Council doesn’t buy developer’s second round
Brewery site apartments dead in water, despite proposed senior housing component

By Sarah Pryor - Freeman Staff

March 4, 2015

 On Tuesday night, for the second time in two weeks, the Common Council voted against rezoning the former Fox Head Brewery site to permit development of an apartment complex — despite the would-be developer’s offer to change 87 of 202 units to apartments for seniors only. 
Submitted rendering


WAUKESHA — A developer’s last-minute shot at a luxury apartment development on the former Fox Head Brewery site fell flat again Tuesday night as the Common Council voted down a motion to reconsider rezoning the site.

At its last meeting the council voted 8-7 against rezoning the former brewery site at at 211 and 223 Maple Avenue, effectively killing plans for developer Terrence Wall’s 202-unit apartment complex on the triangular site bordered by railroad tracks on two sides.

Tuesday, Alderwoman Kathleen Cummings asked the council to reconsider the rezoning item after Wall proposed changing 87 of the units to market-rate apartments restricted to people 55 and older. Mayor Shawn Reilly said reconsiderations are allowed, but they must be done by the next meeting and they must be brought forward by someone who was on the failing side.

Cummings said Alderman Roger Patton, who himself lives in a senior living facility at Avalon Square, asked her to take a look at Wall’s revised plan. She said the addition of senior housing was the piece needed to make it a good project for the space.


Alderman Steve Johnson said rezoning the area would help move forward the redevelopment of an area that hasn’t changed in 50 years.

Since the project’s inception, neighbors have expressed concerns about prospective traffic problems and questioned whether the development was appropriate for that neighborhood. Community Development Director Jennifer Andrews has said a single-family development wouldn’t work there because of soil contamination and there’s not a good truck route for a manufacturing facility. Alderman Eric Payne said commercial development wouldn’t work on the site, since there are lots of vacant commercial properties in the area, even in locations with much more visibility.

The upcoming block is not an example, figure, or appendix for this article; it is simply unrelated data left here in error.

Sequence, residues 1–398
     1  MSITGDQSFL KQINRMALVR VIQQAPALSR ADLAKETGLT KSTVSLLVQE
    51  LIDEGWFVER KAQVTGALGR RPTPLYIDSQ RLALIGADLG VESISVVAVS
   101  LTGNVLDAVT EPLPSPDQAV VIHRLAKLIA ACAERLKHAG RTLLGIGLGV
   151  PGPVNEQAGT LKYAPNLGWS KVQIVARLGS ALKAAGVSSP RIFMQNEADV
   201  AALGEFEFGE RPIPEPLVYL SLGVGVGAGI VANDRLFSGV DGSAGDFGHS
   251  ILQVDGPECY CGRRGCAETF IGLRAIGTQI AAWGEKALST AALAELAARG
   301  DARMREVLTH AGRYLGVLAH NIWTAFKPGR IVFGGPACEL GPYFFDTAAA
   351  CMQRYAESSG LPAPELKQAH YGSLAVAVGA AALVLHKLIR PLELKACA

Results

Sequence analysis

Alderman Vance Skinner said “never say never,” and Alderman Aaron Perry said city officials shouldn’t be passively waiting for developers to come in and propose projects for sites like the Fox Head — they should be proactively seeking ideas.

City Attorney Brian Running pointed out the council was only discussing a rezoning, not the apartment project as a whole, but Perry said the rezoning was directly attached to the project.

“If we approve this, what on earth are we going to say no to?” Perry said, adding that he believed a commercial development would work on the site one day. “Apartments are fine in the appropriate areas with the appropriate developers and this isn’t one of them.”

Ultimately, the Common Council voted 7-6 against Cummings’ motion to reconsider the rezoning, effectively rendering that specific development dead in the water — or the beer, as the case may be.


How they voted

MOTION (Alderwoman Kathleen Cummings):


To reconsider rezoning 211 and 223 Maple Avenue from M-2 (manufacturing) and B-3 (business) to B-3 PUD (Planned Unit Development — provides more flexibility and allows city to provide additional requirements)

YES:
Cummings, Alds. Andy Reiland, Roger Patton, Eric Payne, Steve Johnson, Chris Hernandez

NO:
Alds. Joe Pieper, Vance Skinner, Aaron Perry, Joan Francoeur, Peter Bartels, Daniel Manion, Cory Payne


>>EARLIER: Fox Head developer hopes proposal gets better with age

>>EARLIER: Brewery site apartment plan gets skunked


>>EARLIER: Commission approves scaled-down apartments on brewery site

>>EARLIER: Decision stalled for apartments on former brewery site


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